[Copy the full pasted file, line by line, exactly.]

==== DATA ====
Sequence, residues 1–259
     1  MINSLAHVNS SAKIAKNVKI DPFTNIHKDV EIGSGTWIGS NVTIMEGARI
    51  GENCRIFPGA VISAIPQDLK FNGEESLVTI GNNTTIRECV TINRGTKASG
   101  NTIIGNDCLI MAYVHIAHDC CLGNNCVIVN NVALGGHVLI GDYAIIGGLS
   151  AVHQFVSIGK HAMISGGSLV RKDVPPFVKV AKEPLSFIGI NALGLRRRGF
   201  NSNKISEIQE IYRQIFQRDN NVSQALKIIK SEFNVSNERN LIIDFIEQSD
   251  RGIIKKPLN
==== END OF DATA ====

Sequence, residues 1–259
     1  MINSLAHVNS SAKIAKNVKI DPFTNIHKDV EIGSGTWIGS NVTIMEGARI
    51  GENCRIFPGA VISAIPQDLK FNGEESLVTI GNNTTIRECV TINRGTKASG
   101  NTIIGNDCLI MAYVHIAHDC CLGNNCVIVN NVALGGHVLI GDYAIIGGLS
   151  AVHQFVSIGK HAMISGGSLV RKDVPPFVKV AKEPLSFIGI NALGLRRRGF
   201  NSNKISEIQE IYRQIFQRDN NVSQALKIIK SEFNVSNERN LIIDFIEQSD
   251  RGIIKKPLN